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Tag: New Hampshire

Flip and Flop: Federal judge lifts Michigan state law banning “Ballot Selfies,” but Sixth Circuit reverses four days later

By: Angela M. Evanowski

On October 24, 2016, famous singer and actor Justin Timberlake found himself in trouble after posting a “ballot selfie” on his two social media accounts, Twitter and Instagram. Timberlake, who is registered to vote in Tennessee, flew from California to his home voting county and posted the selfies in order to encourage millennials and fans to vote. However, to the surprise of Timberlake, the state of Tennessee earlier this year passed a law banning voters from taking photographs or videos during the voting process. Luckily, for this famous former boy-band member, he is not going to face any criminal charges or punishment for posting his ballot selfies. Continue reading

Trying to Stop Drive-By-Voting in New Hampshire

By: C. Rose Moore

Round two of the “drive-by voting” battle in New Hampshire ended on September 16th, 2015 when the New Hampshire Senate failed to override Governor Maggie Hassan’s veto of Senate Bill 179.  That proposal would have required potential voters to be domiciled in the state for at least thirty days prior to an election.  This was the second initiative purportedly aimed at combatting this type of fraud, which can be illustrated by the actions of Vice-President Joe Biden’s niece.  While “she didn’t break the letter of the law… many people think she violated the spirit of it” by voting in the 2012 elections in New Hampshire after only working on the campaign there for a short time.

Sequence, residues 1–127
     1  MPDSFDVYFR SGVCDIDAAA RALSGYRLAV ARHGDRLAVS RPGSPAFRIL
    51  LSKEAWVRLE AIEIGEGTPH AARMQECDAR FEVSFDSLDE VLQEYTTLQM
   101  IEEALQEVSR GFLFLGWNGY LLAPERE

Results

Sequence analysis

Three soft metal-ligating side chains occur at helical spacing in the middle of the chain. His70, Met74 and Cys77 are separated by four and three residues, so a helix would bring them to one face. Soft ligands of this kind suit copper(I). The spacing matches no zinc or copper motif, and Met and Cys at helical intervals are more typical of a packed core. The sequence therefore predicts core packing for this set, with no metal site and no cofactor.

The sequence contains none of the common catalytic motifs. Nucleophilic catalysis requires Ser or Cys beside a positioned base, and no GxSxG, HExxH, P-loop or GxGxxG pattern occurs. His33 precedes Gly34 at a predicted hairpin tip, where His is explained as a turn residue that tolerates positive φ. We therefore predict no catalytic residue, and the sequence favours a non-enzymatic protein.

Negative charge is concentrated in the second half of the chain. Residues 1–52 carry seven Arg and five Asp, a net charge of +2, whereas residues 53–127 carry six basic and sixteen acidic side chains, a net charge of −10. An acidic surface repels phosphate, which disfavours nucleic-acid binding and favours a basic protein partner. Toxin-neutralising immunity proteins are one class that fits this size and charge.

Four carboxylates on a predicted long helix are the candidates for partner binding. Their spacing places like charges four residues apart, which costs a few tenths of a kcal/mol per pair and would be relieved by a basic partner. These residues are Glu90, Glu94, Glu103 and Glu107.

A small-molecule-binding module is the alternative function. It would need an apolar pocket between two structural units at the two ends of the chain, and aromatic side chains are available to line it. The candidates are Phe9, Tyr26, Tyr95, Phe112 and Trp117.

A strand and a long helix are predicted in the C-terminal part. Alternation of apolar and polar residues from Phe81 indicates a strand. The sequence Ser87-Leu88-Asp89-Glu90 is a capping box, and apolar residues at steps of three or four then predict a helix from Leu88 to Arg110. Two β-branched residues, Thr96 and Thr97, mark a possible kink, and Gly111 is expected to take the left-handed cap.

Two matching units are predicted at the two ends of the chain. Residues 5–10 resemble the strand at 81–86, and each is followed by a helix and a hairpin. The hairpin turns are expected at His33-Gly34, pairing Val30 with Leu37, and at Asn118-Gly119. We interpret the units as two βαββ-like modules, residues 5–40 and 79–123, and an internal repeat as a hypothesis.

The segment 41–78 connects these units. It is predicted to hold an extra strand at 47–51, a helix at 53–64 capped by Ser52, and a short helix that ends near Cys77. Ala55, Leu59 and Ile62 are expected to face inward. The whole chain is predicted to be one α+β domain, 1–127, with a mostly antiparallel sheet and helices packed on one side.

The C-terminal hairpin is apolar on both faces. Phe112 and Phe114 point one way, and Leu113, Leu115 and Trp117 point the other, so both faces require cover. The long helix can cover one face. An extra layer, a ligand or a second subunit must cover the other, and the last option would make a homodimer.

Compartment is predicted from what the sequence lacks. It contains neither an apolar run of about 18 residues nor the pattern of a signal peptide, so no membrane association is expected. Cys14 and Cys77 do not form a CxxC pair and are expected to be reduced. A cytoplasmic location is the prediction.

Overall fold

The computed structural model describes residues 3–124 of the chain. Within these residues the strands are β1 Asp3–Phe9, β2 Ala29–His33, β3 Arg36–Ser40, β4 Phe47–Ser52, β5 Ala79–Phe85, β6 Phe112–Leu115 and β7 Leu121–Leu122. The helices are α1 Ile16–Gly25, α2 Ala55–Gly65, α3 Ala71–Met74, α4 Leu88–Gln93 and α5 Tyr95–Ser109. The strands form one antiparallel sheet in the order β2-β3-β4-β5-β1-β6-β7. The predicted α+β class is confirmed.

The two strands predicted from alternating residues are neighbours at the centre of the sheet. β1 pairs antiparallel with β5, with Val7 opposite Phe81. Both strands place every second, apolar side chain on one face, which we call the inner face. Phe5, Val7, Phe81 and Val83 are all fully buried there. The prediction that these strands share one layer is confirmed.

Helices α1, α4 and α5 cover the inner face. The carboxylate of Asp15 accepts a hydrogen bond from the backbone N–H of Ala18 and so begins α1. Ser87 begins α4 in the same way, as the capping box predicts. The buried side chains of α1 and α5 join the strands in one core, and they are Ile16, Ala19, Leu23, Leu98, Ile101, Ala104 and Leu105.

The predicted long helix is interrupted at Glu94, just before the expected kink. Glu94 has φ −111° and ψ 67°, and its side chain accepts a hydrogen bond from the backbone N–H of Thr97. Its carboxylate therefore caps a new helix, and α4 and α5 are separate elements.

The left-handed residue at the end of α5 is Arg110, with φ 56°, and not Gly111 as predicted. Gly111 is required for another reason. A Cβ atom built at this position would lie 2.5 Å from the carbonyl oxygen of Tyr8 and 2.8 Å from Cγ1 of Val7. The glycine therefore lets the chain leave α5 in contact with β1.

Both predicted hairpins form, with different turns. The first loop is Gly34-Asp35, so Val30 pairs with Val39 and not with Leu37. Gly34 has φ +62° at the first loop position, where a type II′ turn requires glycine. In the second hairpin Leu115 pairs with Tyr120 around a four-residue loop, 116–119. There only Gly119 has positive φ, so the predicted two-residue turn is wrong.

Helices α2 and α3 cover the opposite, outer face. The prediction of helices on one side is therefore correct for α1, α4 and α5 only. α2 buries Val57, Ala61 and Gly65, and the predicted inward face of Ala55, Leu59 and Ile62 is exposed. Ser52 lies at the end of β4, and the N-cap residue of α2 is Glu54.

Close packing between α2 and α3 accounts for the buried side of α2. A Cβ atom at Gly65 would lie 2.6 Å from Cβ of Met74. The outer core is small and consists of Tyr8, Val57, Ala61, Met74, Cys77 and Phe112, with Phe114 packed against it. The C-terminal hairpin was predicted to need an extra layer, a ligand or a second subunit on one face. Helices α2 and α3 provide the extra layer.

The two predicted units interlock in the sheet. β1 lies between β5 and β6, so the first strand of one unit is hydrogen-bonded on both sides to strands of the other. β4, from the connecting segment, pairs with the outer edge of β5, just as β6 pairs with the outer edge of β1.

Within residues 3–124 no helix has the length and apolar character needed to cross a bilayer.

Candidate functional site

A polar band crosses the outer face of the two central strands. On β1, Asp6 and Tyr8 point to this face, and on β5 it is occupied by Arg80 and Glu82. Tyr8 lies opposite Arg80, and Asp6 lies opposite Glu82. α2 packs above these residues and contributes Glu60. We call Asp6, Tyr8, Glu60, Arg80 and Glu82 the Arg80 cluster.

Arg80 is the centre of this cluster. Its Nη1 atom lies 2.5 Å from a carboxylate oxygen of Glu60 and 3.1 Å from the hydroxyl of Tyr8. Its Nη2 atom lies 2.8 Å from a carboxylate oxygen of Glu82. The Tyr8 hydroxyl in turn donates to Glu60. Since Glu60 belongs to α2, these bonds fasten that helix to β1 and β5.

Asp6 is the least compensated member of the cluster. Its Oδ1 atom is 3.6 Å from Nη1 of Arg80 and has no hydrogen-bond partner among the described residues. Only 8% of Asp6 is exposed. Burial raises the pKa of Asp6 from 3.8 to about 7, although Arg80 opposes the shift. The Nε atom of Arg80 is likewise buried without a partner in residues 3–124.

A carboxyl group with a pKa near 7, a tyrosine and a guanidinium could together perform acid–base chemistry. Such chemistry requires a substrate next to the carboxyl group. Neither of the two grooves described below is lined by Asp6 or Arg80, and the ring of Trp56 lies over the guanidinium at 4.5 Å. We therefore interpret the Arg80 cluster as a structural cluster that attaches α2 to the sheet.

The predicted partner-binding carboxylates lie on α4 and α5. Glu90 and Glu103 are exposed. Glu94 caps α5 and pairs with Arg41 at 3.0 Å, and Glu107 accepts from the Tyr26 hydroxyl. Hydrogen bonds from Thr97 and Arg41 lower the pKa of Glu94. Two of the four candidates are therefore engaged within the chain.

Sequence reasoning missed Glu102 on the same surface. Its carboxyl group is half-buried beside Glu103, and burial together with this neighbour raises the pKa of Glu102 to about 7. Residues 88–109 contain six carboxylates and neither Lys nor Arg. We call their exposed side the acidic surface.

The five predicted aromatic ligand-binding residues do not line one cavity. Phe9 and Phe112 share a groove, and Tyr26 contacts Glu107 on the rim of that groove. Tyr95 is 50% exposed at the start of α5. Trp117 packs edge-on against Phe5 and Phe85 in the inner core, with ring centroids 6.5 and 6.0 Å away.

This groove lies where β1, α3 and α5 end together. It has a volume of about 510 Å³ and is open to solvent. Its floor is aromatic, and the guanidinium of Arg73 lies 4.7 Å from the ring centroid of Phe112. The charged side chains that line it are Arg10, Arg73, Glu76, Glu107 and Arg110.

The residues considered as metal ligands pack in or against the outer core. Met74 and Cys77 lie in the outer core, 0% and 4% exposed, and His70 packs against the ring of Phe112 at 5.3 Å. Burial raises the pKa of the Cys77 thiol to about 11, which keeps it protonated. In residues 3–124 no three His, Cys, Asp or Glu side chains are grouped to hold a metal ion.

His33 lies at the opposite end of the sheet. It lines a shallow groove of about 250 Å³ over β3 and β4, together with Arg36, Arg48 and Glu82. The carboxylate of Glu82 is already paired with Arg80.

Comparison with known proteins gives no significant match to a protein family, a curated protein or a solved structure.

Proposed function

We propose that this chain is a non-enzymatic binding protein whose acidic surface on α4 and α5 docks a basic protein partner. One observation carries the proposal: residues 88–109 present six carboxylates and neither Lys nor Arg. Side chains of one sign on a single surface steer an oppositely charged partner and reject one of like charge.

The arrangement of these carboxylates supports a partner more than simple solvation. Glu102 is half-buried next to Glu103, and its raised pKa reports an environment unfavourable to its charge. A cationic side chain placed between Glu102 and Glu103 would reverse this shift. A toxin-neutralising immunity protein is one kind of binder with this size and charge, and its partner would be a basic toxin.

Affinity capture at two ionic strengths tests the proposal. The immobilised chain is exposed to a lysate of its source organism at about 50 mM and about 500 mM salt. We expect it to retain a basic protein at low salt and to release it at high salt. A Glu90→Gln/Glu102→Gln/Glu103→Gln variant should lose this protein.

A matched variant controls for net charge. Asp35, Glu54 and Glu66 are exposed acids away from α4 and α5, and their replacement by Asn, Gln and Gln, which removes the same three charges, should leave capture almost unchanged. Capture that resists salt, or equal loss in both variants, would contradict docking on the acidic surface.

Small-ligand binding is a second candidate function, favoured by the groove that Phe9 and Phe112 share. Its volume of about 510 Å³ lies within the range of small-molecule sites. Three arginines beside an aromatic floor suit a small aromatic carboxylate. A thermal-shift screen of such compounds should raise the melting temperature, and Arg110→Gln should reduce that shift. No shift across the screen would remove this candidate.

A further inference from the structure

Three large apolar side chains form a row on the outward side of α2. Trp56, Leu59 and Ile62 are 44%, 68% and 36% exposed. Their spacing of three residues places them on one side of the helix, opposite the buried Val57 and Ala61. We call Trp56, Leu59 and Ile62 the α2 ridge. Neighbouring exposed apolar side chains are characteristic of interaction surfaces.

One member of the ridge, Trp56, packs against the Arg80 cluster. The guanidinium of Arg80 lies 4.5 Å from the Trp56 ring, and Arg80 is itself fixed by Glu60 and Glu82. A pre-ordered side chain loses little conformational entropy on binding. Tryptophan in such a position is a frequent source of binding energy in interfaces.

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New Hampshire’s Appeal for “Ballot Selfie” Ban Filed with the First Circuit

By: C. Rose Moore

The State of New Hampshire filed an appeal on September 9th with U.S. Court of Appeals for the First Circuit seeking to overturn the New Hampshire District Court’s decision in Rideout v. Gardner, Opinion No. 2015-DNH-154-P.  There, the court struck down RSA § 659:35, I, which prohibited voters from “taking a digital image or photograph of his or her marked ballot and distributing or sharing the image via social media or by any other means.”  The plaintiffs in that case, namely a state representative, Leon Rideout, a disgruntled dog-lover, Andrew Langlois, and a patent-attorney, Brandon Ross, who posted his photo after the investigations started with the tagline “Come at me, bro,” were being prosecuted under the law.

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